Today, let’s pay tribute to the late, great Grant McLennan, one of the two songwriters who fueled the wonderful Australian band, The Go Betweens. Their warm and pensive melodic guitar songs often had subtle undercurrents of The Velvet Underground and post-punkers. Both McLennan and his partner, Robert Forster, played literate and humanistic songs, sometimes sparely and sometimes with grandeur, but almost always extremely compelling. In honor of Grant, please grab your iPod/MP3 player, hit shuffle and share the first ten tunes that come up.
Sex Pistols — New York (Never Mind The Bollocks): Yes, the music sounds comparatively tame 33 years after the fact, but in the context of the 1977 rock scene, the Pistols were a gob of fresh air. And the music does still rock and Johnny Rotten sounds more menacing that almost anyone he inspired. This is a lesser number from one hell of a rock and roll album. One other thing — the most important aspect of the Sex Pistols’ legacy is how they fueled the D.I.Y. movement. The number of Brits who saw them and formed a band is staggering, and one of those bands, Buzzcocks, put out Spiral Scratch, the first true indie release, and started a movement that CHIRP is effectively part of.
Blue Oyster Cult — Godzilla (Spectres): This hilarious tribute to everyone’s favorite mutant dinosaur killing machine awakened by nuclear testing showed that the Cult could not only traffic in subtle black humor, but also in up front fun. I’m baffled why this was never released as a single. If you want to explore some truly cool ’70s heavy metal, BOC is the place to start.
Original Sins — Rather Be Sad (The Hardest Way): John Terlinsky, who later went on to do the Brother JT thing, led this great garage rock band during the late ’80s and early ’90s. Terlinsky is a really good songwriter, with a strong sense of melody, and then throws in some fuzzy guitars and the requisite garage rock organ on this tale of a guy who’d rather be sad, because he knows he’s going to get hurt by love in the end.
The Brothers Johnson — The Devil (Look Out For #1): This is about as funky as George and Louis Johnson got, in a cautionary tale of how sinning will get “your ass burnin’” for a really long time. These guys were funk lightweights, but working with mentor Quincy Jones, they often threw melodic twists into their songs that gave them a distinctive stamp. There are a couple of those on this tune to render it above average.
Scritti Politti — Small Talk (Cupid & Psyche 85): Green Gartside’s transformation from ultra-leftist amelodic post-punker to subtly poltiical smooth synth-soul star is one of the more amazing stories of the ’80s, well chronicled in Simon Reynolds’ excellent book Rip It Up & Start Again. This is the album where the transformation was complete. Gartside’s airy tenor vocals managed to thread his wordy lyrics through some of the happiest darn white R & B you’ve ever heard. Dated, yes, but still catchy as hell.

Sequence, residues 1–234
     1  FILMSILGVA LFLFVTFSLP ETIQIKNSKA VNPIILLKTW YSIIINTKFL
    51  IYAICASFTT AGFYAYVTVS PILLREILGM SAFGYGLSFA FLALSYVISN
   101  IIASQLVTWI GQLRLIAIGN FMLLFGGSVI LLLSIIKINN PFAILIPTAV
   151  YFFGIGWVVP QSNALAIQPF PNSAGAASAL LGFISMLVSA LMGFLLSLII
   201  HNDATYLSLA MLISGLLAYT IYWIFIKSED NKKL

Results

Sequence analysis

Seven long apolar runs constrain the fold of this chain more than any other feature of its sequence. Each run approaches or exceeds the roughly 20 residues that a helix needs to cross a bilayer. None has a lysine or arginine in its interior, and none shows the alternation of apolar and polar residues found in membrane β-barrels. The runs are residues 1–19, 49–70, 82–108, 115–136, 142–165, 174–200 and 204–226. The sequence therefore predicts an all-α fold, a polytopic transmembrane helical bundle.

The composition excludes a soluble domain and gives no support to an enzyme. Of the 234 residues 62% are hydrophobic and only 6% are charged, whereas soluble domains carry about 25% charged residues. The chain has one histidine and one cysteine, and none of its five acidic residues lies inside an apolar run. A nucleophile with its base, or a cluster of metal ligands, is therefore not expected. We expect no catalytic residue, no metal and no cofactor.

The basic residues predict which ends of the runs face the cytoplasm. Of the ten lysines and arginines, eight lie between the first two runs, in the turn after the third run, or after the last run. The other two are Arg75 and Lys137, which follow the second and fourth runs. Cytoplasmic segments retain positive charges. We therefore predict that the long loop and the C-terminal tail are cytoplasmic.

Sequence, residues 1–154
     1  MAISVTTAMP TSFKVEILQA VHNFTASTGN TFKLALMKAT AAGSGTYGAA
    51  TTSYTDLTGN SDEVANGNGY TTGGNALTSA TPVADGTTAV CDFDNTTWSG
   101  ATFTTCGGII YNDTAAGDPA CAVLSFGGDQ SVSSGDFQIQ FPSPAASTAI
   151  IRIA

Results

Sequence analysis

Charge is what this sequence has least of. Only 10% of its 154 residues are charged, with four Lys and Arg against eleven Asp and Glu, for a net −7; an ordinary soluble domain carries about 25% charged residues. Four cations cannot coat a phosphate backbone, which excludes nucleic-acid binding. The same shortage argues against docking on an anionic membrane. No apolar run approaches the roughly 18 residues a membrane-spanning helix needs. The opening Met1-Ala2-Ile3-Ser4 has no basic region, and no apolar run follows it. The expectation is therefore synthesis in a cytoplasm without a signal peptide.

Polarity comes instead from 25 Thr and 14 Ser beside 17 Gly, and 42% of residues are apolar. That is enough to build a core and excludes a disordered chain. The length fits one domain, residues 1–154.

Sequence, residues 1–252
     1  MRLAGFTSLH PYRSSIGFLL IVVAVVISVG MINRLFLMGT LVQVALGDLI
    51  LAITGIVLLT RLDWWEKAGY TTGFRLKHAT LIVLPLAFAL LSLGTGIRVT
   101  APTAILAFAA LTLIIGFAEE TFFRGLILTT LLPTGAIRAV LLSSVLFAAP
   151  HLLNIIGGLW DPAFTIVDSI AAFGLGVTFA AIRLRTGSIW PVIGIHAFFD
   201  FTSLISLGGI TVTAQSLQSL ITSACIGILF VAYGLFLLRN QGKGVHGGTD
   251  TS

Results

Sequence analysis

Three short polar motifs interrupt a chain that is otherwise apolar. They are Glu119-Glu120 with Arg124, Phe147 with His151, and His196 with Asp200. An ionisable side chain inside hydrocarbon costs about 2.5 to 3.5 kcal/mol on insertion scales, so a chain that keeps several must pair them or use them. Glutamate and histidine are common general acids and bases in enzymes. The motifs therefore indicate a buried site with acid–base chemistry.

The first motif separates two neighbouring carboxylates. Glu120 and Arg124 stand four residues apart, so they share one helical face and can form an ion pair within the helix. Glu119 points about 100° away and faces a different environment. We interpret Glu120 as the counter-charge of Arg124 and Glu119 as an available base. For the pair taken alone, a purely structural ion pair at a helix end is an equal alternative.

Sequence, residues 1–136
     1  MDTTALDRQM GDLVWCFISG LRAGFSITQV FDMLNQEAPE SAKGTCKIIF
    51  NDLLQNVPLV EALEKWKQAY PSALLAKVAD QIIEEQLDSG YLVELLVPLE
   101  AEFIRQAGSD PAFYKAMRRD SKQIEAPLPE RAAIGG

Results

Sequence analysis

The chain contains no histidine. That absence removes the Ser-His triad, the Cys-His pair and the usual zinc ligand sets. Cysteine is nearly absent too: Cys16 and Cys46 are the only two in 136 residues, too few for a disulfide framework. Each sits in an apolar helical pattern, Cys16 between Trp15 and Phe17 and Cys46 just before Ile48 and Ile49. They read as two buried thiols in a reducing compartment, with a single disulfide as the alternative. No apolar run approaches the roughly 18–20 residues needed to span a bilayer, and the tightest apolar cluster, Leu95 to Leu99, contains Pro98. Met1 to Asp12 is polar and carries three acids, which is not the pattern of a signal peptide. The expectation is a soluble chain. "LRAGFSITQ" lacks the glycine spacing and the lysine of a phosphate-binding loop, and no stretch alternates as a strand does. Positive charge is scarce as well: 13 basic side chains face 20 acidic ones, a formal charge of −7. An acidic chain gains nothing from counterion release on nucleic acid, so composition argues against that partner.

The Sames — There’s No Mystery Here (You Are The Sames): At one level, this is a fairly standard indie rock record, released in 2005, tailor made for college radio airplay. But this North Carolina band both fits in with and stands out from The Shins and The Arcade Fire and other contemporaries. How? By writing excellent songs, each which has a strong chorus or memorable instrumental hooks that really stick. If they were on Sub Pop, I think The Sames would have been big, as this was one of the best albums of 2005.
E’Nuff Z’Nuff — In Crowd (Strength): This is not a cover of the ’60s hit by Dobie Gray. Blue Island’s pride and joy jumped on the hair metal bandwagon and was touted by Rolling Stone magazine as the next big thing. For some reason, perhaps because they were not sexist enough or didn’t have an androgynous frontman, they didn’t take off. And once you stripped away the bad make up and ignored the garish clothes, E’Nuff Z’Nuff were a Beatles/Cheap Trick inspired hard rock band with some metally trappings (especially in the flashy guitar solos). This is the best song on their second album, with strong vocals from Donnie Vie.
Fine Young Cannibals — Love For Sale (Red, Hot + Blue: A Tribute to Cole Porter): This album, which benefited AIDS research, is chock full of great modernized versions of classic Cole Porter tunes. I believe this is the final recording by the Cannibals, and they play this song in a jazzy acoustic guitar dominated arrangement, with Roland Gift emoting in characteristic fashion.
Eleventh Dream Day — There’s This Thing (Lived To Tell): Wow, when my iPod is in Friday Shuffle mode, it loves Eleventh Dream Day. Not that I have a problem with it. This is a percussive cooker that uses a pretty basic blues chord progression and a variation on the Bo Diddley beat. You can actually dance a bit to this one.
The Beat Farmers — California Kid (Tales Of The New West): The first Beat Farmers album came smack dab in the middle of a country rock revival in the mid-‘80s. Unlike the ’70s country rock, the bands tended to rock a bit more. The Beat Farmers were a bit less countrified than Jason & The Scorchers and The Long Ryders, but could twang away pretty well. This song spotlighted their drummer Country Dick, who had a rumbling baritone voice that was perfect for this tale of a horny outlaw.